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2013-2014 Save the Manatee Annual Trust Fund Report

2013-2014 Save the Manatee Annual Trust Fund Report


Executive Summary

The Florida Fish and Wildlife Conservation Commission (FWC) is pleased to submit this annual report on the expenditures from the Save the Manatee Trust Fund (Trust Fund), per section 379.2431(4)(b), Florida Statutes (F.S.). The Trust Fund is the primary source of funding for the State's manatee-related research and conservation activities. As required by Florida law, the report is provided to the President of the Florida Senate and the Speaker of the Florida House of Representatives by December 1, each year. This report covers the period from July 1, 2013, through June 30, 2014.

Unparalleled manatee mortality levels reported last year notably decreased following the cessation of the related Brevetoxicosis (red tide) event on the southwest coast of Florida in spring 2013. FWC staff prepared an official request for the National Working Group of Marine Mammal Unusual Mortality Events to declare the status of the mortality event as over. The Working Group approved the FWC closure request for the Manatee Brevetoxicosis Repeat Mortality Event for southwestern Florida, however, although reduced in number, cases associated with the Manatee Unusual Morality Event (UME) declared for the central Florida East Coast continue to be reported and the UME status remains open. The investigation into the associated cause for mortality is ongoing. Agency staff are working to complete the final review of several hundred mortality records generated as a result of recent mortality events in addition to baseline and ongoing mortality.  The effort to document and better understand threats and stressors to the manatee population is critical in order to recognize and inform needed conservation steps.

Current management efforts are focused on meeting with selected counties to begin the process of revisiting existing Manatee Protection Plans so they can be updated where necessary and continue to provide the best information available to local governments. Information from research related to manatee habitat is growing along with efforts to restore and conserve manatee habitat. Multiple years of monitoring the repowering of three east coast power plants will be winding down over the next few years. The information collected during the monitoring of these warm-water sites has, and will continue to provide new insights into manatee behavior as it relates to warm-water habitat. This information will be very useful to the program’s efforts to map out a long-term plan to address warm-water habitat. Although power plant discharges will continue to provide warm-water habitat in several areas of the State, at some point in the future FWC expects this to change, and planning for that new landscape is an important effort in securing the manatee population for future generations.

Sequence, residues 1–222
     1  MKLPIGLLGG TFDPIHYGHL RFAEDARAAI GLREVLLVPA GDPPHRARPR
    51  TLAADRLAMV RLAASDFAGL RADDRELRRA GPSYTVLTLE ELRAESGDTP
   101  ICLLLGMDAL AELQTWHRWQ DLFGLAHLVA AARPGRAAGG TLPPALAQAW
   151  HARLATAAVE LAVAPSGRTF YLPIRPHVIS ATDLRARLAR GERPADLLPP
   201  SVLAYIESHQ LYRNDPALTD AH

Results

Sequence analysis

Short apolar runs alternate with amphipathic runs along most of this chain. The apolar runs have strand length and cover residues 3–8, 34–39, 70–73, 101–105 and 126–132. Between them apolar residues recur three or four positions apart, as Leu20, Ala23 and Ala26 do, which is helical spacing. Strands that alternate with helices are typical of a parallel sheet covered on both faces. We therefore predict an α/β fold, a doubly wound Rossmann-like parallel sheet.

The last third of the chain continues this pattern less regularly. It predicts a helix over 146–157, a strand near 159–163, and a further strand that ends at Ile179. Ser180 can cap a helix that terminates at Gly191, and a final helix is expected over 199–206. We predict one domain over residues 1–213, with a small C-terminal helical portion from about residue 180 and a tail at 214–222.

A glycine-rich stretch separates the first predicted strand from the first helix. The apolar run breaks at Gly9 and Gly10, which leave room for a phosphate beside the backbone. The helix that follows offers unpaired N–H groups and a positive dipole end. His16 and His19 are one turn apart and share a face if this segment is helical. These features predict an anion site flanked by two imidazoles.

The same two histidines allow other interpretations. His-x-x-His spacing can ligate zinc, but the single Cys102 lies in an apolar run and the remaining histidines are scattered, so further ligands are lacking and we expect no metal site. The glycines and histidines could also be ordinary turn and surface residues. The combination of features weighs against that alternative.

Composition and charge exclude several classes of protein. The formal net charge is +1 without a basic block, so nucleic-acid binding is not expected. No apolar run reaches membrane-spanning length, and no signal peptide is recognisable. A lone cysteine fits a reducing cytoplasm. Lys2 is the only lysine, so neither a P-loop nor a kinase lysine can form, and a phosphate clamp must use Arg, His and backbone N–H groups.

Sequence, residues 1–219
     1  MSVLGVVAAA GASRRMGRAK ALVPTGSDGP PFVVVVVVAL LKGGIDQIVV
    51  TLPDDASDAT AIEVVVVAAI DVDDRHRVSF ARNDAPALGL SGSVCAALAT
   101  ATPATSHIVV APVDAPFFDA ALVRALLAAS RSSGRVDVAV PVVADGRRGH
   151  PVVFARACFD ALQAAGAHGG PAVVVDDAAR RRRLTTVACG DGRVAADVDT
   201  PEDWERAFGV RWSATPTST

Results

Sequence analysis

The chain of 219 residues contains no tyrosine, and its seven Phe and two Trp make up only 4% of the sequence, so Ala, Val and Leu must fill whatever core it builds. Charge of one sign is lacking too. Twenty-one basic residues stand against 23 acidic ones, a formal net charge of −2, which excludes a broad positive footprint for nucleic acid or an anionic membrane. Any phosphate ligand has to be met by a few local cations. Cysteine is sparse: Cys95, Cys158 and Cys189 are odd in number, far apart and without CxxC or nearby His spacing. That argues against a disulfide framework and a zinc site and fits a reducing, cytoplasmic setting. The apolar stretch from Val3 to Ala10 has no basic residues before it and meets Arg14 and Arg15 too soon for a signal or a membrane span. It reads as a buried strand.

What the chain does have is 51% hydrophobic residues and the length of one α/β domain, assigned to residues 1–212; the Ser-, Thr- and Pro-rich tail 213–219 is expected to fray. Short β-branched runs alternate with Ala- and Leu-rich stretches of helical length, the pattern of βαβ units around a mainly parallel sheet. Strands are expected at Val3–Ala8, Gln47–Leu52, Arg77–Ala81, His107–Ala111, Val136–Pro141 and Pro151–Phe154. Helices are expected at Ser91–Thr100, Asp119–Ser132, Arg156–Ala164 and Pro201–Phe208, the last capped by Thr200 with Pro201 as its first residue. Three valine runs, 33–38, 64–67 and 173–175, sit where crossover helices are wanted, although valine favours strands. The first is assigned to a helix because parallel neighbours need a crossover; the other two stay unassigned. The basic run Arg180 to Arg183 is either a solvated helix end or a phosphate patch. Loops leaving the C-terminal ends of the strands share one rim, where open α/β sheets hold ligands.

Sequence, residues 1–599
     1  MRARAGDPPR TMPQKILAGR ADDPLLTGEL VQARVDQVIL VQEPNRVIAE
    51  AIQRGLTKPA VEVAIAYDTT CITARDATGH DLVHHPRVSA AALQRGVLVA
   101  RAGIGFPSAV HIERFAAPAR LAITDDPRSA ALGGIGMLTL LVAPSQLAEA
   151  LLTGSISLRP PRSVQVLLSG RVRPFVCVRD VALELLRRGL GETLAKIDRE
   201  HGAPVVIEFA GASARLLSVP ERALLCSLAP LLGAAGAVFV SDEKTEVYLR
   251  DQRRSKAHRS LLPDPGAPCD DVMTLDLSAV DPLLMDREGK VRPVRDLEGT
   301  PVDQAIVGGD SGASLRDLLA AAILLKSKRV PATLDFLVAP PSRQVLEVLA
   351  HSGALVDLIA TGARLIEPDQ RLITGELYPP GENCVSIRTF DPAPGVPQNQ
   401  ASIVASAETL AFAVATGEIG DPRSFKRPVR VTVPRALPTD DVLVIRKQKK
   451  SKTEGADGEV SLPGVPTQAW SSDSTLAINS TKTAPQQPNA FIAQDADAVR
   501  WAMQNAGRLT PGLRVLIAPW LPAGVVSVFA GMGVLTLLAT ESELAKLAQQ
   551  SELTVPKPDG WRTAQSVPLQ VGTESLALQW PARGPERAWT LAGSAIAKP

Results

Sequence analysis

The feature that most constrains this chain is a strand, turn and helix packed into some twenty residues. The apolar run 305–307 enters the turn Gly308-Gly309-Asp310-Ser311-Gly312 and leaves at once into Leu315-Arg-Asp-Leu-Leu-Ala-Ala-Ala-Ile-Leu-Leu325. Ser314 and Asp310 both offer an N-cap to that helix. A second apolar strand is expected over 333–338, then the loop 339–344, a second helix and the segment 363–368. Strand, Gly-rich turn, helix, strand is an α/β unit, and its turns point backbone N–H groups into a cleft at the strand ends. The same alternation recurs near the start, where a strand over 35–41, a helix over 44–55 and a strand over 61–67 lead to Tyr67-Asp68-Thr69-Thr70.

Parallel efforts by the program have focused on restoration of manatee warm water habitat associated with springs.  FWC staff have partnered on various spring restoration efforts that have resulted in the removal of accumulated sediments, replanting of submerged vegetation, and stabilizing spring shorelines. These efforts not only benefit manatee habitat, but habitat for many other native species and for Floridians who enjoy the natural springs of Florida.

These activities are possible because of the funding of the Save the Manatee Trust Fund. The Trust Fund receives money from sales of manatee license plates and decals, boat registration fees, and voluntary donations.  Revenues for FY 2013-2014 totaled $3,743,905.  Appropriations from the Trust Fund for the same period were $4,280,201, with $325,000 provided for manatee research activities at Mote Marine Laboratory, and a service charge to General Revenue of $258,242 that most trust funds are required by law to pay. In FY 2013-2014, FWC’s Division of Habitat and Species Conservation expended $979,927 for conservation activities and the Fish and Wildlife Research Institute expended $1,939,917 on research and monitoring. Details of revenues, appropriations, and expenditures are shown on page seven of this report.